Grant: $460,487 - National Science Foundation - Jun. 25, 2009
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Award Description: Although natural radioisotopes, such as Th(IV), Pa(IV, V), Po(IV, II, -II), and Be(II), are important proxies that have long been used in oceanographic investigations, the molecular interactions and binding relationships between radionuclides and marine organic matter remain unclear. Through years of research, it has become evident that metal ions in the ocean are mostly controlled by biopolymers and other organic molecules excreted by marine micro-organisms, and that biopolymers play a significant role in the biogeochemical cycles of the natural radionuclides that are used as oceanographic tracers. To identify and characterize the relationships between these biopolymeric carrier compounds and the radionuclides used in tracer research, scientists from Texas A&M University and the University of Southern Mississippi will conduct a comparative study on radioisotopes of thorium (Th), protactinium (Pa), polonium (Po), lead (Pb), and beryllium (Be). This laboratory and field experiment will identify the radioisotope carriers that are effective marine binding ligands and clarify the basics of oceanographic chemical tracer applications of various natural radioisotopes. Broader Impacts: The results from this research will enhance our fundamental understanding of the biogeochemical controls on natural radionuclide and carbon cycling, in the oceans. This research will also refine the interpretation of data collected in the GEOTRACES program. The project also involves the training of students and international collaborations.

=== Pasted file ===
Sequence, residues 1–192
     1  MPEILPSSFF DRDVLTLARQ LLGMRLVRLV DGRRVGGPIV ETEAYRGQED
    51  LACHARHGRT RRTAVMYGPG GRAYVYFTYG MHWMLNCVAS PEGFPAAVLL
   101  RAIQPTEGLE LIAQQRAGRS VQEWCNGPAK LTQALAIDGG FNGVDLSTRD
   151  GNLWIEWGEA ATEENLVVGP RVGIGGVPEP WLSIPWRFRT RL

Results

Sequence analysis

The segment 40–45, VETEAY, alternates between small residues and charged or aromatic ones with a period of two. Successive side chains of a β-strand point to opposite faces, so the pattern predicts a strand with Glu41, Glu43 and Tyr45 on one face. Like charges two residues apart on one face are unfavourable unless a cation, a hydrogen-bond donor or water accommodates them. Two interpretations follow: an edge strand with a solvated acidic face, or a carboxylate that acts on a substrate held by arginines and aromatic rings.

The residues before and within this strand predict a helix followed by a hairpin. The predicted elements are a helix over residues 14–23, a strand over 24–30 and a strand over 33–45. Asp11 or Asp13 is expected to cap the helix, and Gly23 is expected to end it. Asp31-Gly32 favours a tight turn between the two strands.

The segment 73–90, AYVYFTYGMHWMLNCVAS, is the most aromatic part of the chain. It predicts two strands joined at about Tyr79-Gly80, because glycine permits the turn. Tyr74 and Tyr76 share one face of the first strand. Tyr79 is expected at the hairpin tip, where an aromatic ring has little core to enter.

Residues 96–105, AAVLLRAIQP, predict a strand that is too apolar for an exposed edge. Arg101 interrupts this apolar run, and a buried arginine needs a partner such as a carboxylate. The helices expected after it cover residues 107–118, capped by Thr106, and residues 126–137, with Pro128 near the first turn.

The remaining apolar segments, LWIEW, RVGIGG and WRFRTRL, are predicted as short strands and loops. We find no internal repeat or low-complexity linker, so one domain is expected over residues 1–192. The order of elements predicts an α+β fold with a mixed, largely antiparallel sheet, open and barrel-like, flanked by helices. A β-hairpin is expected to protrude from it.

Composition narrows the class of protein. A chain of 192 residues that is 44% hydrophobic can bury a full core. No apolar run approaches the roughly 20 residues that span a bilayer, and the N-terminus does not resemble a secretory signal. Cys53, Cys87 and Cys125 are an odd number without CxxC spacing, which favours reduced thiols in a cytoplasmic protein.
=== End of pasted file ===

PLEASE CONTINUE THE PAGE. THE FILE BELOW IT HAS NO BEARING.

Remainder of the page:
Project Description: Th(IV), Pa(IV,V), Po(IV, II,-II), Pb(II) and Be(II) radioisotopes are important proxies in oceanographic investigations, e.g., for tracing particle dynamics and particulate organic matter (POC) fluxes out of the euphotic zone, and for studying boundary scavenging, paleo-productivity and ocean circulation. Even though considered routine, these approaches rely on often poorly constrained, empirically determined and variable isotope ratios or ratios to POC. Previously conducted laboratory and field investigations suggest that a number of biopolymers, potentially produced by both phytoplankton and bacteria, are carrier molecules for most of these isotopes, rather than purely inorganic surfaces. We hypothesize that specific binding and redox processes control marine scavenging and the most efficient binding would occur to acid polysaccharide- and protein-containing biomolecules. Proposed experiments will attempt to separate, identify and characterize radioisotope carriers that are hypothesized to be effective binding ligands. Our proposed interdisciplinary research project will require instrumental approaches for characterization studies, in combination with controlled laboratory and field experimentation. Laboratory studies consist of comparative uptake experiments of a suite of naturally occurring radionuclides to a number of substrates, including model organic and inorganic compounds, marine colloidal and particulate organic matter, and biopolymers harvested from cultures. The proposed field program will include collections and characterization of diverse types of suspended and sinking organic matter from different parts of the ocean.
Jobs Summary: 1 graduate student created, 1 research scientist retained (Total jobs reported: 2)
Project Status: Less Than 50% Completed
This award's data was last updated on Jun. 25, 2009. Help expand these official descriptions using the wiki below.